Ther sports metaphor falls short, however, when Jesus starts talking about receiving the child (though I suppose I could switch to football . . .) because hospitality is not about what anyone deserves or has accomplished. Jesus brought the little one into the circle and said, “Receive her and you’ll see God with new eyes.” And we will see ourselves differently, too.We spend most of our American conversation around who deserves what or who is getting what they don’t deserve, or why I deserve to keep what’s mine and perhaps take some of what’s yours since you don’t deserve it as much. We get upset when other countries seem weary of our self-promotion. Perhaps we would do well to notice we are almost the only ones who feel compelled to keep proving we’re Number One. Or maybe simply come to terms with the truth that it just doesn’t matter.
What matters is how we welcomed one another, fed one another, included one another. Loved. One. Another. In her sermon Sunday, Ginger reminded us that such an approach to life and faith gets “messy and smelly.” Yes. When we move beyond the dichotomy of winner and losers and begin to receive one another, life gets smelly and messy and requires us to think about most every encounter, rather than lean on categories and cliches.
As Mark recounted beyond the lectionary passage, the disciples responded with a “yes, but,” asking about the other guy in town who was casting out demons. Jesus told them to receive him as well. Start with what brings us together. Start there. Now stay and receive whomever we can find. Doesn’t roll off the tongue quite as easily as “We’re Number One,” which is fine.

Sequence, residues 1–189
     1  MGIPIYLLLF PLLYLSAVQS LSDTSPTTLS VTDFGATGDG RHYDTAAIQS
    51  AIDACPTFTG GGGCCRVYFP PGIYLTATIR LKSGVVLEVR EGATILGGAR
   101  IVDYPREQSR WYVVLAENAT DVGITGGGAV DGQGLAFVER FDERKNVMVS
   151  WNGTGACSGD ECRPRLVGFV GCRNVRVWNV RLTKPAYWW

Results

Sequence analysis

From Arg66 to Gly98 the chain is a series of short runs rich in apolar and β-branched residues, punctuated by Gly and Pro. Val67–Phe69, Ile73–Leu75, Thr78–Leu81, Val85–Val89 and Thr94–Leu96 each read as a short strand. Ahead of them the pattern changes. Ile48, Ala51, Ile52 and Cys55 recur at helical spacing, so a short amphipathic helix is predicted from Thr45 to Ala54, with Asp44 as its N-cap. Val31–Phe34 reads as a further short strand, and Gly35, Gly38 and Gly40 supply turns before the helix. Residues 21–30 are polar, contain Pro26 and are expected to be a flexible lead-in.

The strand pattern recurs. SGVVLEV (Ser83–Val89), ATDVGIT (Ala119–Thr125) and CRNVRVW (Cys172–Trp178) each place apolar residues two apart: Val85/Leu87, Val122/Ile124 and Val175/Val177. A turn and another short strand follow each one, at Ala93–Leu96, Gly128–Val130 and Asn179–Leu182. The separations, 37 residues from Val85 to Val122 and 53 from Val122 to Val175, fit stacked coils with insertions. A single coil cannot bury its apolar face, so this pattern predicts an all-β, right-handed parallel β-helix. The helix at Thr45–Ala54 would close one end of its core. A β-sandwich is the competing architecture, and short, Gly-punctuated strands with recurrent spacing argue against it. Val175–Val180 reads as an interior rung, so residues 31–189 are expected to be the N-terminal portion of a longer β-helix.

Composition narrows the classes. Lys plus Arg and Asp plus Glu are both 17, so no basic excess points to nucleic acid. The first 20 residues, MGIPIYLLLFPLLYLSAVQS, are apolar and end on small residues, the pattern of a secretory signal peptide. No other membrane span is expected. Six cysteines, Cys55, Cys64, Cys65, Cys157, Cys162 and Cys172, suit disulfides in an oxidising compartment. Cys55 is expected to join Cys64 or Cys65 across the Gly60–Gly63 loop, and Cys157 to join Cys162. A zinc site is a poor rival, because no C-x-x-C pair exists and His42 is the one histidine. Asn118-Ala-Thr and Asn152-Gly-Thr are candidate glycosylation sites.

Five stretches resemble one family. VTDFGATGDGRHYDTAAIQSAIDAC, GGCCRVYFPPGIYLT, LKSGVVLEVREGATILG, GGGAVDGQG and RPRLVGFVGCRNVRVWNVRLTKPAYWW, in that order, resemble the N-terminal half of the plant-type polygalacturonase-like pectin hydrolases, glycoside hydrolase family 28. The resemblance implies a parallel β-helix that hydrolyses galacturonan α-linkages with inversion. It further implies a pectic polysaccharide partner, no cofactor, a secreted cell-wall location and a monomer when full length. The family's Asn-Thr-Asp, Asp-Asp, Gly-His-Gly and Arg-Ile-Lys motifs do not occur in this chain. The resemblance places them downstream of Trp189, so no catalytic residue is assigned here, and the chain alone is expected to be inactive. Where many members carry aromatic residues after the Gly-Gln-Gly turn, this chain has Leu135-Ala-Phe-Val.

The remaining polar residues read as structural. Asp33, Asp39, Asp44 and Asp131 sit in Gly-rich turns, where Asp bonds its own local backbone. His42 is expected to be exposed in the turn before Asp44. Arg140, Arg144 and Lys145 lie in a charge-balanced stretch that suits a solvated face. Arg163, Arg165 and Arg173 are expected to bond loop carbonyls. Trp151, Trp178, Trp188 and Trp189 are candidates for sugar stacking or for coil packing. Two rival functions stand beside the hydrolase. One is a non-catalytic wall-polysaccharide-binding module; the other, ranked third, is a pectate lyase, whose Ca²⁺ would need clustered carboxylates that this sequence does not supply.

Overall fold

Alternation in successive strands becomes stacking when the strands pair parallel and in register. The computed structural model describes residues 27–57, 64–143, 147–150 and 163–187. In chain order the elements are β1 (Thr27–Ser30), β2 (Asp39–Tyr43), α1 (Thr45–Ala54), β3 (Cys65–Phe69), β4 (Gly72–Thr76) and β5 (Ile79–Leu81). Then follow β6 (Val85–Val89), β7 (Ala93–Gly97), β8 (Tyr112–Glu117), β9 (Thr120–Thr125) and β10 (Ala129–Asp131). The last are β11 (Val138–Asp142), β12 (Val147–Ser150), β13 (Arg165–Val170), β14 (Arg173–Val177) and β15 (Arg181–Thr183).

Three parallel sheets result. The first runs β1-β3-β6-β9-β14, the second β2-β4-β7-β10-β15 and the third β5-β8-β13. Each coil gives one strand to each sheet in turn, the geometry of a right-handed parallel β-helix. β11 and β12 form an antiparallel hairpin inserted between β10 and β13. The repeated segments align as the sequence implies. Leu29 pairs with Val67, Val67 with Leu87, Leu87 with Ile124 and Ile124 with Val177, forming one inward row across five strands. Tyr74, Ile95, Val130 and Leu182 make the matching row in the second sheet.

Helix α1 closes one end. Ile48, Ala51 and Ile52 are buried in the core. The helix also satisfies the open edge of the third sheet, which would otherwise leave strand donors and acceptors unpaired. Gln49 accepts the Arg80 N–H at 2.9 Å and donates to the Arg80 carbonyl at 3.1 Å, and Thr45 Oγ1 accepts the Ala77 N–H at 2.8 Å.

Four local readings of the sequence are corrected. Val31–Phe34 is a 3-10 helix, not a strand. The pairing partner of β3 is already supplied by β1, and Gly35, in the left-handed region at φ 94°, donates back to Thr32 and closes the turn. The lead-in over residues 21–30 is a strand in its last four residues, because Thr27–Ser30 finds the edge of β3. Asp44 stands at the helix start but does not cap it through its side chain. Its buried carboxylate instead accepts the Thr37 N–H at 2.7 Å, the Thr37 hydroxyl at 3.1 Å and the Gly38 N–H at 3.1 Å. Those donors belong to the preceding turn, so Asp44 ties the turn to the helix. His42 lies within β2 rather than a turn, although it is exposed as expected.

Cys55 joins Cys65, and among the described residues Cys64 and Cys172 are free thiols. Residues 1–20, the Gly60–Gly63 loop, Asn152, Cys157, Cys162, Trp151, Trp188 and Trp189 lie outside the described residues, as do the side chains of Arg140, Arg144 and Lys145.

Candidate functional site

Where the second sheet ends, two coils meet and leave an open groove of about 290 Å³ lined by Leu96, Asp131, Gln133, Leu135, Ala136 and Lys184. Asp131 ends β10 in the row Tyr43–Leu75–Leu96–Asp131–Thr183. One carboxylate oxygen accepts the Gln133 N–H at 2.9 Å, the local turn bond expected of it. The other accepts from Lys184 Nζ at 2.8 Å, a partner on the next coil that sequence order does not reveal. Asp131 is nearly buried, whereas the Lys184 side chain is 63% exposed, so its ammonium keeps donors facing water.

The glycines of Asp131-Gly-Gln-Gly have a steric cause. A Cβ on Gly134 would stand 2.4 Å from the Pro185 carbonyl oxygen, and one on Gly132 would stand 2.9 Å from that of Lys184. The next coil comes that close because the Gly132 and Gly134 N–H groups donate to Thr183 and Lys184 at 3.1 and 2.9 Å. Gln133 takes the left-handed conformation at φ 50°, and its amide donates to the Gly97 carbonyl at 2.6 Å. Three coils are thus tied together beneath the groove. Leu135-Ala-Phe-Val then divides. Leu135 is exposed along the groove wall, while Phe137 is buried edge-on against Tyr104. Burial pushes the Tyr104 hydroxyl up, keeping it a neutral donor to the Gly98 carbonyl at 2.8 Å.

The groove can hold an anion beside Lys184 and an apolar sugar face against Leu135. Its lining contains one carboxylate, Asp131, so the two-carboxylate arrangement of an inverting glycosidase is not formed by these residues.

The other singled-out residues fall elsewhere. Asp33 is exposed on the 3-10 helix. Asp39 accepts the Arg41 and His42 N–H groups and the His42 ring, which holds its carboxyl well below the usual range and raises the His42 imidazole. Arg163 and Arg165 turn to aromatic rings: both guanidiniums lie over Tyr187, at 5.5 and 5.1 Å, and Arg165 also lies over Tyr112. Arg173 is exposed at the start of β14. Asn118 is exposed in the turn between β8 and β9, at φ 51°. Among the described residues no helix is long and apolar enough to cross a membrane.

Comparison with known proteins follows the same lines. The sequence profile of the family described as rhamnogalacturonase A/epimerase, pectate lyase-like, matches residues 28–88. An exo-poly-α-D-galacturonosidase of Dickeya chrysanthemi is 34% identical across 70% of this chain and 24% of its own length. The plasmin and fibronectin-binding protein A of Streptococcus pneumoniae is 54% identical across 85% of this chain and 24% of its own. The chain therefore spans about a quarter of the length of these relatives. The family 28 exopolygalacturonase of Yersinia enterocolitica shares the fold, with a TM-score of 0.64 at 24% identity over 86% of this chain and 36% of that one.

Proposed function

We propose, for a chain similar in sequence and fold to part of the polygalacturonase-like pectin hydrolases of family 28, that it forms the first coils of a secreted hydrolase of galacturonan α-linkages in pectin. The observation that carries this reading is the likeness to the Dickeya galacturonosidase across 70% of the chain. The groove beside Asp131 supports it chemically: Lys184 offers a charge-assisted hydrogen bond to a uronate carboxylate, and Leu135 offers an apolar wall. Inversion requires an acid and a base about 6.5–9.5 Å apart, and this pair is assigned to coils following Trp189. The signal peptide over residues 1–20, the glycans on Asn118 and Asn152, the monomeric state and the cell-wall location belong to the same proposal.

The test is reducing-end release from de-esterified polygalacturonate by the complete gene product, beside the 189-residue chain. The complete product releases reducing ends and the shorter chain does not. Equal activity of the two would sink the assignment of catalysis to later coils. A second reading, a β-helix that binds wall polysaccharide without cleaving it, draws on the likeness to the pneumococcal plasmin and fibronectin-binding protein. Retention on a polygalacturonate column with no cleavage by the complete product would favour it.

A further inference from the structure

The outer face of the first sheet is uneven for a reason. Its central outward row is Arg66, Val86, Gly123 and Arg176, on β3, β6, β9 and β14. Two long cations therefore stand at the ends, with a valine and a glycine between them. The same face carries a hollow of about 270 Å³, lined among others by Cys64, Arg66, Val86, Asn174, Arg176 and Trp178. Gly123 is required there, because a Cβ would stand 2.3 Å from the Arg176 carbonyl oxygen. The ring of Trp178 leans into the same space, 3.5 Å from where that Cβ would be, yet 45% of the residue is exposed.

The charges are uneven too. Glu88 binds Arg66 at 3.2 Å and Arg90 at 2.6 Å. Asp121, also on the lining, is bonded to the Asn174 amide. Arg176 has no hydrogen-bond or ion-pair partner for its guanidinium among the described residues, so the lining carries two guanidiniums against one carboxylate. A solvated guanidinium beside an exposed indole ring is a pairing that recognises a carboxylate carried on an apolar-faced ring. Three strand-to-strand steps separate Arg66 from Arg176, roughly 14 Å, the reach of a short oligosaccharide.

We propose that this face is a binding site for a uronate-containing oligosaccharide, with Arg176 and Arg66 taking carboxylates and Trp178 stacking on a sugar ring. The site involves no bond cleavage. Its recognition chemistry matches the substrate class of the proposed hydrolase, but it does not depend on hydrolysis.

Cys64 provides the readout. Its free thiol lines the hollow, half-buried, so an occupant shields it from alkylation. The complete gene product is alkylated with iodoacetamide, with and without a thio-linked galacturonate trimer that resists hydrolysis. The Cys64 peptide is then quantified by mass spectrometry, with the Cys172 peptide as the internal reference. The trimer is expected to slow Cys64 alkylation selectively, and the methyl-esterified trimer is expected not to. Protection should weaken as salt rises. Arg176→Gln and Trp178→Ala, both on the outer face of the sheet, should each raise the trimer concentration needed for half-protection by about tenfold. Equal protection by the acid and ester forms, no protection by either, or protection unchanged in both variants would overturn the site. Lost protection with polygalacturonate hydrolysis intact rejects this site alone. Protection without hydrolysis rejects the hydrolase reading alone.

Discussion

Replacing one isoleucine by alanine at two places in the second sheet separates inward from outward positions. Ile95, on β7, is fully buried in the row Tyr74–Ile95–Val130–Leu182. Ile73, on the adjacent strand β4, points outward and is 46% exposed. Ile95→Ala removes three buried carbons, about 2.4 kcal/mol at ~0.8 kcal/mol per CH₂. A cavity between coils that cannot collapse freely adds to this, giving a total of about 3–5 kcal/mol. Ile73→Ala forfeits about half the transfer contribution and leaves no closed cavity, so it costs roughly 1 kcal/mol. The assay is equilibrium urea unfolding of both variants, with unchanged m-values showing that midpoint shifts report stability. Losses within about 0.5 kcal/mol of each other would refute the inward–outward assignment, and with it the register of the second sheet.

Wednesday, September 26, 2012
The Kickstarter campaign to raise money for my book tour ends tonight at 9:20 Eastern time. Please pass the link along in these final hours. Thanks for all the support and encouragement.
My book, Keeping the Feast: Metaphors for the Meal, will be released on October 1.
Tuesday, September 25, 2012
There is not a cloud in the sky on this fall morning in Durham. Here's where the sky took me.
oh, they tell me of a home far beyond the skies . . .
oh, they tell me of an unclouded day
on this unclouded day the sky
is the color of heartache
same as the azure canopy
that sheltered us
that september morning
yes -- that one
though today may prove to be
one of unremarkable
catastrophe the sky
in its invitation to see
that home is
not something beyond the blue
but here in this unclouded
day in this mix of joy and pain
in shades of blue
that color our hearts
tell me of that home
Saturday, September 22, 2012
The Wednesday after Labor Day, Ginger and I joined friends for ten days in Italy. Just to type the sentence feels opulent. Still. We spent two days in Florence as preamble to our true purpose: a week together in a villa in Tuscany. No, we weren’t in a movie. For a week, this was our lives. Our group numbered sixteen in all. The villa was on the outskirts of the town of Lucca, which dates back a millennium. Both town and villa ere surrounded by farms and vineyards and olive groves. Walking the grounds around our temporary home I picked pears and figs. At night we gathered around a large table just outside the kitchen covered by an arbor. And it was good.
I went not only as one of the group but also to be il cuoco della villa -- the chef of the house. My invitation was to create our evening meals out under the stars and arbor, and to help create a memory. I did my research into Tuscan cooking, brought a few ideas of my own, and learned some new things once we got to town. The menus included risotto with roasted chicken and grilled vegetables, chicken limone, spaghetti bolognese, and chingiale (wild boar) stew with polenta; for dessert we had apple pie with limoncello glaze, tiramisu, and risotto al cioccolato (that’s right -- chocolate risotto). Each afternoon, my designated sous chef, Terry, and anyone else who cared to join us gathered in the kitchen and we cooked and talked and laughed and shared a littler pre-prandial vino rosso. As the sun began to fall behind the trees, the others began to fill the circle of chairs next to the dining table for appetizers, and then somewhere around eight we moved to the table where we stayed long after the food was finished.